The war had left Rabbi Kook, at that point the chief rabbi of Jaffa in Palestine, stranded in England. Though most of his time was spent immersed in study, he sought inspiration among the works in the National Gallery. And in those halls, there was one painter in particular to whom he gravitated. We know about this thanks to a report by a Jewish sculptor in Jerusalem named Avram Melnikoff, who in later years would consult the rabbi on a matter of halakhah. In the course of their conversation, Rabbi Kook divulged the name of his favorite artist: Rembrandt van Rijn.
May You Be Inscribed for a Good Laugh
MEIR Y. SOLOVEICHIK for Commentary
Laughter,” writes the the essayist Jim Holt in his book Stop Me If You’ve Heard This, “is our characteristic response to the aesthetic category of the humorous, the comical, or the funny. What is it about the humorous situation that evokes this response? Why should a certain kind of cerebral activity issue in such a peculiar behavioral reflex?”
This is not only a question that is raised every time you watch the Marx Brothers; it is also, you will be surprised to hear, at the very heart of Judaism. Laughter is a central theme on one of Judaism’s most serious days, a fact that makes it clear that for Jews, laughter is no laughing matter.
On Rosh Hashanah, the Day of Awe that begins each new year, we read the passage in the Torah about the miraculous birth of a son to the elderly Sarah, then 90 years of age. This son’s Hebrew name, Yitzchak, means “he will laugh.” This, the Bible informs us, is linked to the laughter that his birth to Sarah provoked: “And the Lord visited Sarah as he had said, and the Lord did unto Sarah as he had spoken. For Sarah conceived, and bore Abraham a son in his old age . . . . And Abraham was a hundred years old, when his son Isaac was born unto him. And Sarah said, God hath made me to laugh, so that all that hear will laugh with me.”
Did You Know...?
MAJYK 2017 is coming to Beth El?
The Mid-Atlantic Jr. Youth Kallah will be hosted by Beth El on December 15-17 to experience a taste of NFTY and learn about its traditions and lingo. In order to make this a success we need to find host families for 150-200 middle schoolers. Please contact our Youth Advisors, Nori and Marissa, to become a host family!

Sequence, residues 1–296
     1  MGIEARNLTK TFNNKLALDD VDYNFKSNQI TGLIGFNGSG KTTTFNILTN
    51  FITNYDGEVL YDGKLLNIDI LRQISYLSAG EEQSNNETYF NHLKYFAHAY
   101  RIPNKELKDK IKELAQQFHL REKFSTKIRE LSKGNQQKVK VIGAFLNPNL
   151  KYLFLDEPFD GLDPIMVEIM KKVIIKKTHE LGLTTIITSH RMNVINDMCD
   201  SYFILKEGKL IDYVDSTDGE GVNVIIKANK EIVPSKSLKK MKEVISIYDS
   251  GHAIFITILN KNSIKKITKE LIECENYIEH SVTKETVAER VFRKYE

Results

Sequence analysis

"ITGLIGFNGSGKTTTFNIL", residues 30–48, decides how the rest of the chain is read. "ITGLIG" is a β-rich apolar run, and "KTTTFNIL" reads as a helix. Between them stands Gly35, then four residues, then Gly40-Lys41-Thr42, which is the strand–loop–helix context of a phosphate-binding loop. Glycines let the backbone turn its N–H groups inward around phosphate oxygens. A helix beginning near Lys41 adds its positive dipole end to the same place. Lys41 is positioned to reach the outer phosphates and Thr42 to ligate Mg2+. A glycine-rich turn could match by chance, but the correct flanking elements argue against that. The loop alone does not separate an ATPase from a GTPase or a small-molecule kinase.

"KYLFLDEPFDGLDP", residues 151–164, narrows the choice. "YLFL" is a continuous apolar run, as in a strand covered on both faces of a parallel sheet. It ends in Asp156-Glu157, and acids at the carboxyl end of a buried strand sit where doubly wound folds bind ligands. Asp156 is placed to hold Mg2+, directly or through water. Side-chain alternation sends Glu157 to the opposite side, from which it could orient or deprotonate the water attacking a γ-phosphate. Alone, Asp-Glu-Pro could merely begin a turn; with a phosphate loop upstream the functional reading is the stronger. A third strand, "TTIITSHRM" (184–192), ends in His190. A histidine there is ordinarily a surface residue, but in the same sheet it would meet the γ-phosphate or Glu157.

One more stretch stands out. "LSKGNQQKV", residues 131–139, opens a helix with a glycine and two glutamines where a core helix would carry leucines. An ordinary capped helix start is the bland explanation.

Beth El is raising funds for a new playground?
With seed money from Cantor Jason Kaufman's concert, the JCCNV was able to start a fund with all proceeds going towards a new playground for the preschool. If you would like to donate towards this very worthy project, simply send your donations to Beth El Hebrew Congregation and notate "Playground." If you donate on line, the playground fund is first on the list!
Wednesdays during the school year @ 7:00 PM
See calendar for exact dates and subjects
For more information about ALIVE! go to alive-inc.org.
Beth El House
For more information go to https://www.bethelhebrew.org/community/beth-el-house
Beth El House enables formerly homeless families to work toward self-sufficiency and confidence.
Wednesday, October 18
Life Long Learning
Sunday, October 22
Tuesday, October 24 & Wednesday, October 25
Wednesday, October 25
6:00 PM **DURING RELIGIOUS SCHOOL
Sunday, October 29
2:00 PM - 5:00 PM
Click above for more information
Saturday, December 2
7:00 PM to 10:00 PM
Click above for more information
There are activities, meetings, services and seminars at Beth El each week, ranging from service opportunities to Jewish learning and education, drawing members and guests from throughout the Washington, D.C. area.